"My white shirt was completely, totally, red from the blood," he said.
He thought he surely would bleed to death there. Cars wouldn't stop, perhaps afraid to pick up a person targeted by the regime or by police. But then the first of three miracles happened: A truck's tire burst, forcing it to stop exactly in front of Ferzat.
"This is like something out of a freakin' movie," Amir Ahmad Nasr, a blogger-author friend who was translating the conversation from Arabic, said to me.
Ferzat threw himself into the bed of the pickup and begged the three men who drove it to take him back to the city. They agreed to drop him at the gates of Damascus, but wouldn't take him further -- definitely not to a hospital -- for fear of being targeted themselves. Still bleeding and barely able to see because of the beatings to his head, Ferzat wandered up to a house and asked its guard for help.
Then the second miracle: The guard agreed to give him a ride to a nearby clinic, where (here's the third) doctors recognized the cartoonist and were sympathetic to his cause.
They treated him at his house to avoid detection. But there was always the worry: his hands. Would he draw again?
"My hands became stuck like this," he told me, tensing up his digits into a wooden, claw-like shape. "The doctors told me I needed to get treatment overseas."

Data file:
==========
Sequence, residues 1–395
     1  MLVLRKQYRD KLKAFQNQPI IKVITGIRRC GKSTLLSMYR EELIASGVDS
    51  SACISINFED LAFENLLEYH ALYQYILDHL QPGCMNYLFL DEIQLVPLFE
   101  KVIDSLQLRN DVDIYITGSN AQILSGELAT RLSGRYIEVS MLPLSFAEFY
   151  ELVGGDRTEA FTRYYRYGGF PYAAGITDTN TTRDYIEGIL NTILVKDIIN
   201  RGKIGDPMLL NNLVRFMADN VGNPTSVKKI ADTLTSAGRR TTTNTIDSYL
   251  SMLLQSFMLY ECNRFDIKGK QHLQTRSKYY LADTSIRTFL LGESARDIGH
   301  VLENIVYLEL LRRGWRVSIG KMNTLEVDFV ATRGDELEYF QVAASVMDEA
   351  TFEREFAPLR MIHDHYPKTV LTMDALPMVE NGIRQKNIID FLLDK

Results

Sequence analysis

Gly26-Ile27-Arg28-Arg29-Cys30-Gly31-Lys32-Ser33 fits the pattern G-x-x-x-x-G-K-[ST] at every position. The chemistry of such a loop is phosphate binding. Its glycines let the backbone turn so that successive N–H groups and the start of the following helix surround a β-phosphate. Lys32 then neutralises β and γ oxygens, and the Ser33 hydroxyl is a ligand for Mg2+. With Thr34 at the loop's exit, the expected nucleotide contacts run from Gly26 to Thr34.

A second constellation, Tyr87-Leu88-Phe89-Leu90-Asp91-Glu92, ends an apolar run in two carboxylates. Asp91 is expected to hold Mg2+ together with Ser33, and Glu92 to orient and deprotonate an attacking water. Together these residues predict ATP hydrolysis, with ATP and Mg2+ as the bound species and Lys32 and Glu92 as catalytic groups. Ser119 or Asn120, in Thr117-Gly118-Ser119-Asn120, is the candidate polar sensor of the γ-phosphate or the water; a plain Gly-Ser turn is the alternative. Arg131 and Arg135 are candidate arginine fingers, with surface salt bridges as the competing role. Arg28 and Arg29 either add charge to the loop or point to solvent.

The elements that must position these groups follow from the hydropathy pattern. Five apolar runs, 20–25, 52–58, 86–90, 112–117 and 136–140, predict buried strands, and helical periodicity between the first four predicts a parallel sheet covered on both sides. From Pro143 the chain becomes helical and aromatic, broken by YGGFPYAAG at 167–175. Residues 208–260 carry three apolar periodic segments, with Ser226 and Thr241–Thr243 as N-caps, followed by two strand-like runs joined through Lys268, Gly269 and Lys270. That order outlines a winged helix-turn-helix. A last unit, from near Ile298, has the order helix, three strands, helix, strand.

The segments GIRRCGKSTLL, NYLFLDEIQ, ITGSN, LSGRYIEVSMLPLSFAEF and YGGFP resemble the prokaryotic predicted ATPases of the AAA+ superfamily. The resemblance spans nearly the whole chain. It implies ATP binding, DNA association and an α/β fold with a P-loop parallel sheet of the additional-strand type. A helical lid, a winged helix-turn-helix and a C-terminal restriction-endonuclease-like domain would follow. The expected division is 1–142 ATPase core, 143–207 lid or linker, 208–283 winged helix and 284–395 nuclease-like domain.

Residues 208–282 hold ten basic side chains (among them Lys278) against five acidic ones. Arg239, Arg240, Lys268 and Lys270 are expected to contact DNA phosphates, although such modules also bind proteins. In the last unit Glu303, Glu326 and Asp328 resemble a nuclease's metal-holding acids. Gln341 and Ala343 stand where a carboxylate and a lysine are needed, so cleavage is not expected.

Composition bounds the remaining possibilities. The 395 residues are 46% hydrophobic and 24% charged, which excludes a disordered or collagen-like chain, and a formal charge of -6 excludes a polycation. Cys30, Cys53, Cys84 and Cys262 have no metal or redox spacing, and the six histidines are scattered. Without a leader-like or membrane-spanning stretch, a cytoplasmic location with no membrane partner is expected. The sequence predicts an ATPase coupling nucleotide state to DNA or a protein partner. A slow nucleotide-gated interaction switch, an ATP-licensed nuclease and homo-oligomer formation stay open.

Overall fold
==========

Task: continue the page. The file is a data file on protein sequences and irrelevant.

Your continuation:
Fate, again, would intervene. Using a newspaper contact in Kuwait, Ferzat arranged to leave Syria and seek treatment in a hospital there. After six months of surgery and physical therapy, he was able to put pen to paper.
The first cartoon he created after the attack was not diluted by fear. He drew al-Assad and Russia's Vladimir Putin walking side by side, their legs intertwined to make the shape of a Nazi swastika.
Ferzat is still living in exile. But the revolution needs him. It needs his art. He's seen images of protesters and rebels carrying printouts of his drawings. So he contributes art from outside the country.
The outcome of the war in Syria is anything but sure. But talk to Ferzat and his optimism will rub off on you. He's convinced he will live and draw in Syria again -- that people in his country, a cradle of civilization that invented one of the world's first alphabets, are no longer afraid and eventually will triumph over the regime that would crush their spirits and their art.
After hearing his story, I'm hard-pressed not to believe him.
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